Agua caliente spring to trail angel Mike’s house
I don’t know if the tarp saved us from dew last night, but it caught five big bird bombs for us, and all on my side. I’ll chalk that up for a win.
The area where we camped is basically a poison oak farm, and hiking out of the Agua Caliente valley is a poison oak gauntlet. I’m leading the way, and my morning conversation with J consists nearly entirely of poison oak alerts: “left side… right side…right side, left side, both sides! Both sides!” We spend some time speculating on why, if it’s poisonous, is it also camouflaged? All the sidling and ducking aggravates my wonky knee.
My knee may be feeling a bit wobbly, but my feet feel almost new. I put my old gel insoles into my new capacious kicks and I’m feeling strong. J and I go blasting up the hill faster than even the first day. We get five miles in before it all catches up with us and we collapse on the side of the trail. My knee has gone all hollow inside, J thinks he’s pulled his groin, my feet hurt, his feet hurt… back to normal. We settle back into our usual limp/trudge and it carries us, slow and reliably, in and around every hill.
One, two, three, we traverse across the green carpeted hills. Out of the creek valley it’s all scrub, densely grown together but nothing higher than 10 feet tall. It really does look carpeted, sorta fuzzy. J and I are both shuffling along, enjoying the blue day and the calmness from having a single mission, when we see a sign on the side of the trail: trail angel Mike, water, shade, shelter. There’s an arrow up a side path. We look at it for a moment. “Well, we need water,” I remark.
“I guess we should check it out,” replies J. We follow the arrows, painted in bright colors, as things get weirder and weirder. Strange piles of junk, little twisty footpaths – where is this taking us? We turn a corner, and there are all the other hikers we’ve been leapfrogging with for the past couple days. Buckeye is here, and so is On-point. E.T. is at a big make-shift kitchen dicing vegetables. A man I don’t know, who I’m assuming is Trail Angel Mike, is cooking. J goes to help dice vegetables, and I help eat the mini pizzas that Mike is flipping out.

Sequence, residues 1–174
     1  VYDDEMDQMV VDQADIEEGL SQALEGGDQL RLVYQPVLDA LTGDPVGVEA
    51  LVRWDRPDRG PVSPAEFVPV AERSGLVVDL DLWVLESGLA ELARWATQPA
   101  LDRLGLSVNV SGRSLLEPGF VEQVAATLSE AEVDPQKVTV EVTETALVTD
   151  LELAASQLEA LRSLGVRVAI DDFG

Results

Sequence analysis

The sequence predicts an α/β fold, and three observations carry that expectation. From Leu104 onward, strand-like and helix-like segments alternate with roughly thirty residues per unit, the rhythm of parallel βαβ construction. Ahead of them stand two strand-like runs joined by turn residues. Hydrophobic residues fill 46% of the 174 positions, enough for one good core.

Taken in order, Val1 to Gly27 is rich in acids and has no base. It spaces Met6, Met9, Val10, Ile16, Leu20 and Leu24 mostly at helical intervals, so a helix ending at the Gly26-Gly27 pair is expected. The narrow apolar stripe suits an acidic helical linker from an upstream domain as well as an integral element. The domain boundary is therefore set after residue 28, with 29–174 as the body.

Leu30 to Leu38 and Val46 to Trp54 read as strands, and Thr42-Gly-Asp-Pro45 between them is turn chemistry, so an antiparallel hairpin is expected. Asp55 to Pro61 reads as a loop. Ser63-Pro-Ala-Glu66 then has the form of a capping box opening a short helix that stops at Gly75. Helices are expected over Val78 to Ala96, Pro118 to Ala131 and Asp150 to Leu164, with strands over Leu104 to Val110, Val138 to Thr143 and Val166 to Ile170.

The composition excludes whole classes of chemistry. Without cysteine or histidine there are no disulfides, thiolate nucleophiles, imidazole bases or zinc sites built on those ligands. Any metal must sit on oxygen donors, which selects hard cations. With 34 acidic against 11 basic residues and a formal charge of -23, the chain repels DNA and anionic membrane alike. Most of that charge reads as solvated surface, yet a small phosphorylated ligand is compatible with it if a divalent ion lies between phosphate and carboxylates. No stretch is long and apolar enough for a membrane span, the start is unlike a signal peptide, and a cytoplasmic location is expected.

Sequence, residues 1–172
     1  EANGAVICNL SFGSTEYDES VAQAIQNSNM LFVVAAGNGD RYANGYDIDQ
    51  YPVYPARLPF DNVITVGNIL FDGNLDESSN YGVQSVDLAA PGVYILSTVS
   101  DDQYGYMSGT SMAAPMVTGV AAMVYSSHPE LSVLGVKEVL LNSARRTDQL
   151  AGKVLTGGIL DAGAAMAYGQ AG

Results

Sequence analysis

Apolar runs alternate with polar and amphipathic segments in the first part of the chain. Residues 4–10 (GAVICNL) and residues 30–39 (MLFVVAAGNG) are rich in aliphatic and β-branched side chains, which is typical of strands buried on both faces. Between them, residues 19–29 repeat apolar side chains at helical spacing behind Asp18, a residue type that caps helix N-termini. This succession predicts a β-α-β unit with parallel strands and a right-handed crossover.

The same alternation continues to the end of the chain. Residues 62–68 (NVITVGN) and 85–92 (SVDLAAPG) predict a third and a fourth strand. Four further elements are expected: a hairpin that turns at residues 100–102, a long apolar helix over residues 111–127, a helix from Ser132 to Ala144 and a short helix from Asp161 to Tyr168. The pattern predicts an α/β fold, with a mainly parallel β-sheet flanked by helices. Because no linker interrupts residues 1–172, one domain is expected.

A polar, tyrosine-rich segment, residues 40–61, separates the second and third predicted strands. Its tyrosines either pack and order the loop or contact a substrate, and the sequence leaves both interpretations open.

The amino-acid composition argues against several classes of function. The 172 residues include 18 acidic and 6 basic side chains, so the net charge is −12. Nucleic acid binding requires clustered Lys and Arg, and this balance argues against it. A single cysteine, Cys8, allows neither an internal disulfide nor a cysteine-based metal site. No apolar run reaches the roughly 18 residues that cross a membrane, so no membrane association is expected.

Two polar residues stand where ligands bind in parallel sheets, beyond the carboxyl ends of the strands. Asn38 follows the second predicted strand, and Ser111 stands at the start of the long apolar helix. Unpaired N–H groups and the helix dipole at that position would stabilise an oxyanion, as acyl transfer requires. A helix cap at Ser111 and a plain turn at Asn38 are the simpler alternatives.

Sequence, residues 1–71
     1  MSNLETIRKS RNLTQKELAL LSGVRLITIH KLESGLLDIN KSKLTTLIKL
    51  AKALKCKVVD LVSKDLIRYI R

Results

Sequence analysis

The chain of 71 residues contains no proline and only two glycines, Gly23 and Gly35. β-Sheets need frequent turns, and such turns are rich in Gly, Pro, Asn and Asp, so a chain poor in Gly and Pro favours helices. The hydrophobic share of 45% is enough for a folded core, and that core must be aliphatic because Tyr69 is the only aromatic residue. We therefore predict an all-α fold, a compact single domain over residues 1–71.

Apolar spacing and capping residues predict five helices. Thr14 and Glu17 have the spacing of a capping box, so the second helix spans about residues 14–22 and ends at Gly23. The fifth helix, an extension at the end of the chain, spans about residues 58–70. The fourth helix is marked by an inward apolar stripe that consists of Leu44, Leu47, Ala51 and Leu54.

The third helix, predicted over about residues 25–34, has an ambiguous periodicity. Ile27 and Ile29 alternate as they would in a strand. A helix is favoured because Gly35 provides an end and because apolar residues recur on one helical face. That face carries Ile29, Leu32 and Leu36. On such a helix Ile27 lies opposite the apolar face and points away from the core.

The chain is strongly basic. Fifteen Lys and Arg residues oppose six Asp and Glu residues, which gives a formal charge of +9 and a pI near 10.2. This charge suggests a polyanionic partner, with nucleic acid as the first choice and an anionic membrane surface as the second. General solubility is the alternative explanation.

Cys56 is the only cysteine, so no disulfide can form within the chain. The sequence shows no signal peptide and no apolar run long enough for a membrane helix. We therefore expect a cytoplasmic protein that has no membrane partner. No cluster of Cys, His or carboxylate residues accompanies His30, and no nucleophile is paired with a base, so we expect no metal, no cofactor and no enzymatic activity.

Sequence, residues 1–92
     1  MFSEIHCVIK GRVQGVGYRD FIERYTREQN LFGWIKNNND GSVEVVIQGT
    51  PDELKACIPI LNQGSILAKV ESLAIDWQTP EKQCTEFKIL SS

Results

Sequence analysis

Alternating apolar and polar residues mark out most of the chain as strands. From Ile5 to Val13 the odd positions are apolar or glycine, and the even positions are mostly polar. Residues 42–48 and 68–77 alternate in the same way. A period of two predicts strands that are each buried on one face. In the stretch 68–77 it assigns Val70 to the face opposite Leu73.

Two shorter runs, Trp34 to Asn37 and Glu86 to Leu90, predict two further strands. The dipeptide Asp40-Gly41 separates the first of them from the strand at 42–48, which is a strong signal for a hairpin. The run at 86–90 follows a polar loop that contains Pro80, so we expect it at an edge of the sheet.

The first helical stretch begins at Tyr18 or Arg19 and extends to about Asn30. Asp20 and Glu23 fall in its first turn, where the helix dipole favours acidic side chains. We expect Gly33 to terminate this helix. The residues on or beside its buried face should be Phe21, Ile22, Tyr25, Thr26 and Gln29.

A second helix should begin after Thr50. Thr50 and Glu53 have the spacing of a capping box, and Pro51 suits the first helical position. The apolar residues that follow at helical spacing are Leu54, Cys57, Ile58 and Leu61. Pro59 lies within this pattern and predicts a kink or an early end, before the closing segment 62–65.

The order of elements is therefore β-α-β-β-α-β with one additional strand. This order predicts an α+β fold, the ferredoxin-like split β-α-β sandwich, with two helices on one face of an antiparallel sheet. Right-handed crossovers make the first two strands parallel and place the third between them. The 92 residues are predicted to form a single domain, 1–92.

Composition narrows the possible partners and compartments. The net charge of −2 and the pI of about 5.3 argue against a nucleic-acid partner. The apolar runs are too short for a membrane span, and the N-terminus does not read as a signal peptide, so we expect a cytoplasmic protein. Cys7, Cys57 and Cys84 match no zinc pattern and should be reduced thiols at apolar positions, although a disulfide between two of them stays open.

We weren’t planning on staying, but J’s feet are trashed. I’d kind of like to go. We spent the whole day yesterday hanging around, not going anywhere. I just got my feet back under me. After being a flusterball of stress leading up to the hiker, the trail has been an oasis of calm. Things are so simple. Get up, walk. If you’re hungry, eat. At night, sleep. Being around people is harder.
That said, J’s feet are important too, so we decide to stay. A hiker named Strangebird gets us into these crazy conversations on the arbitrary nature of human interaction and how complicated it is – all I can say is yeah, I hear you, I don’t get it either. (Talking with Strangebird is especially complicated.) It’s been getting more and more windy, but all of a sudden we realize a big storm is blowing in. The temperature has dropped forty degrees and black clouds are rolling in on us. “J, it looks like we made the right decision.”
“Not for the right reasons,” he says.
“I guess the trail was looking out for us.”
We shack up in a creaky rundown cabin on the corner of the property. There are a bunch of old cots and a fair amount of light coming through the roof. The wind is enough to make the walls creak. It’s creepy, and I’m so glad to be here, and not outside. E.T. and Buckeye are in the bunkhouse as well, and it’s almost cosy with the four of us.
Tomorrow we’ll take it slow, take the miles as they come.
“And we’ll walk with a walk that is measured and slow,
And we’ll go where the chalk-white [blazes] go,
For the [hikers] they mark, and the [hikers] they know,
The place where the sidewalk ends.”